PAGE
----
Most previous studies of pediatric out-of-hospital cardiac arrest have typically examined relatively small datasets from small study regions. Although several studies have reported the impact on adult out-of-hospital cardiac arrest, little information is available on the impact of telephone dispatcher assistance on the outcomes of pediatric out-of-hospital cardiac arrest. We set out to examine the impact of cardiopulmonary resuscitation instruction by telephone dispatcher on the outcomes of pediatric out-of-hospital cardiac arrest.
Population-based, observational study.
Japan-wide population-based setting.
We identified 1,780 pediatric out-of-hospital cardiac arrest patients (67.8% male) with witnessed collapse from a nationwide, population-based, out-of-hospital cardiac arrest database.
We assessed the impact of telephone dispatcher assistance on the outcomes of 1-month survival rates and favorable neurologic status among the groups. The overall rate of bystander-performed chest compression and mouth-to-mouth ventilation among the witnessed pediatric out-of-hospital cardiac arrests were 39.5% and 25.6%, respectively. Telephone dispatcher assistance was offered in 28.4% of the witnessed pediatric out-of-hospital cardiac arrest cases and resulted in a significant increase in both chest compression (adjusted odds ratio 6.04; 95% confidence interval 4.72–7.72) and mouth-to-mouth ventilation (adjusted odds ratio 3.10; 95% confidence interval 2.44–3.95), and a significant improvement in 1-month survival rate (adjusted odds ratio 1.46; 95% confidence interval 1.05–2.03), but no significant effect on favorable neurologic outcomes at 1 month (adjusted odds ratio 1.15; 95% confidence interval 0.70–1.88). Potential confounding factors included age categories, sex, bystander type, cause of cardiac arrest, bystander cardiopulmonary resuscitation, and attempted defibrillation.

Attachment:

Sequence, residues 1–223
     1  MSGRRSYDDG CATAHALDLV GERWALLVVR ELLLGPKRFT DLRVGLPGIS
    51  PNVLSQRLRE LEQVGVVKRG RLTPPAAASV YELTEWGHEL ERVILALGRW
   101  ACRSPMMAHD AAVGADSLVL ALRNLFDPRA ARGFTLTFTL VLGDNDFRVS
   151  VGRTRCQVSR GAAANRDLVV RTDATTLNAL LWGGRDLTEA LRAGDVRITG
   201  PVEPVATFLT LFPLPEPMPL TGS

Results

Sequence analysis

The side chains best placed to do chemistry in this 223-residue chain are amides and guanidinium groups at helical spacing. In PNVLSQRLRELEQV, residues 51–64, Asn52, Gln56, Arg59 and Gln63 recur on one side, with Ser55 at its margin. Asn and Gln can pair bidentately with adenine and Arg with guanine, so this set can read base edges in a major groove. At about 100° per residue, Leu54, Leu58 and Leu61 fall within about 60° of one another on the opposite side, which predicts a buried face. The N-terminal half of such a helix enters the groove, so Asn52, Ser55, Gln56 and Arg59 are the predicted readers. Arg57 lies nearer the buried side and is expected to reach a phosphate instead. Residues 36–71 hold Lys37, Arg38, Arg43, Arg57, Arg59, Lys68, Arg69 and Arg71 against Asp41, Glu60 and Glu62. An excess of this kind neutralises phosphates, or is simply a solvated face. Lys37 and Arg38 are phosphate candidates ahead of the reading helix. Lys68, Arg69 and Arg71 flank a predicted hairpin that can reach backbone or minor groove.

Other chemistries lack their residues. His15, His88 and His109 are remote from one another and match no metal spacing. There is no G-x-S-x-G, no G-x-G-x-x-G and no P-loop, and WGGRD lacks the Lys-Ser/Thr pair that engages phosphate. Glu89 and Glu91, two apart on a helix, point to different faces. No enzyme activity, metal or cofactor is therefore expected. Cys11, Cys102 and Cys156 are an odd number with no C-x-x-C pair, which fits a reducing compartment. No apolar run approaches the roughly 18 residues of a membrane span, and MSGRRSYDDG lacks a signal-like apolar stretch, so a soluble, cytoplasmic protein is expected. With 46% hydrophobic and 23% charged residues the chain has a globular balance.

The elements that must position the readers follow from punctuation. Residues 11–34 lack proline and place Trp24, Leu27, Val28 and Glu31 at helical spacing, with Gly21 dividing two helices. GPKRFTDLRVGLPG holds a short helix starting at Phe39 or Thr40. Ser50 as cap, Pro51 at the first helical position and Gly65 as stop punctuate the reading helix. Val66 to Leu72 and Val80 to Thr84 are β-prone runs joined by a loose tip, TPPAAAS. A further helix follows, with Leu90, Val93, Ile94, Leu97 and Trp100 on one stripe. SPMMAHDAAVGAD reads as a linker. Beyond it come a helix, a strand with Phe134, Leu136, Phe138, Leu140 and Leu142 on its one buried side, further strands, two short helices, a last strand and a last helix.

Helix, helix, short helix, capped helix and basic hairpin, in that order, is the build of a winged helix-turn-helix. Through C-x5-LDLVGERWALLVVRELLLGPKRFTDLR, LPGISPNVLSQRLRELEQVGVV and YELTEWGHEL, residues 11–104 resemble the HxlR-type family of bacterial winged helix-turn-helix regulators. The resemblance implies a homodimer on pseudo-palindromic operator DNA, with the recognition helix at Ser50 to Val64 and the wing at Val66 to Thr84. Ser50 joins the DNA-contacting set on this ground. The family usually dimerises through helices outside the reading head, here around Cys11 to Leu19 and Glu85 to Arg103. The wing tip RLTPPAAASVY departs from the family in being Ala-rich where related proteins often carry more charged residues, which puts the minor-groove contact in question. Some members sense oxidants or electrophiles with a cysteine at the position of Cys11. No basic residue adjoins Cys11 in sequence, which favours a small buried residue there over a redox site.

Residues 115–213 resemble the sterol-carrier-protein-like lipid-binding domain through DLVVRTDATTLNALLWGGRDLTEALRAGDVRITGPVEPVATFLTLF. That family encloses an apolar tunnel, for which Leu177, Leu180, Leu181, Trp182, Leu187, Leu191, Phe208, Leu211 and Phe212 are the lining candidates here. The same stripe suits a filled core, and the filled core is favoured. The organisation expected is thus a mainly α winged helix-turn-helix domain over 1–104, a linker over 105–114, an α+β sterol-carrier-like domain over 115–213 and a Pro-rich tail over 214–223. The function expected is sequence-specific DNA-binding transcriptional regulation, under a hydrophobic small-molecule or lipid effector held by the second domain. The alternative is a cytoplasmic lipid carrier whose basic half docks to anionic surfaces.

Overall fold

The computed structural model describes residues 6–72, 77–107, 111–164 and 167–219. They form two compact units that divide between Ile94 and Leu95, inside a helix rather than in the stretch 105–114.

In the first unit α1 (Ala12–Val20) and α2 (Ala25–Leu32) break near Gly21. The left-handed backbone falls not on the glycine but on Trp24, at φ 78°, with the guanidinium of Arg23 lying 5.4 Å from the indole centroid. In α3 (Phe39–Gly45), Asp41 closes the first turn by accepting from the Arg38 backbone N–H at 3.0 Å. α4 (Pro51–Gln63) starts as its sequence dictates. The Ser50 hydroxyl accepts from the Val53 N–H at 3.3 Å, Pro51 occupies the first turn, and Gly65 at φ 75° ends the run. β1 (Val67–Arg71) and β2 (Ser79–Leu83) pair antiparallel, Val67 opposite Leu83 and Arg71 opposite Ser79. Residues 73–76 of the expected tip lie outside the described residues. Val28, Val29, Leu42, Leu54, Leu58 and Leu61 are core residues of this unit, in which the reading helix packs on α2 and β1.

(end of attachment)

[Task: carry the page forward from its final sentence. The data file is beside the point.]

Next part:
Telephone dispatcher assistance could significantly increase bystander cardiopulmonary resuscitation among witnessed pediatric out-of-hospital cardiac arrests. Although there was only a small, nonsignificant effect on the improvement in favorable neurologic outcome at 1 month, the improved survival associated with telephone dispatcher assistance in pediatric out-of-hospital cardiac arrest is clinically important, and is of major public health importance. In cases where cardiac arrest was uncertain from the bystander’s replies during the call to emergency medical services, telephone dispatcher assistance was not offered, which could affect the adjusted odds ratio of the present study.
From the Department of Public Health, Health Management and Policy (MA, TO, TI), Nara Medical University School of Medicine, Nara, Japan; Foundation for Ambulance Service Development (ST), Emergency Life-Saving Technique Academy of Tokyo, Japan; and the Department of Planning, Information and Management (SK), the University of Tokyo Hospital, Tokyo, Japan; and Department of Health Management and Policy (HH, HY), Graduate School of Medicine, The University of Tokyo, Tokyo, Japan.
*See also p. 1646.
The authors have not disclosed any potential conflicts of interest.
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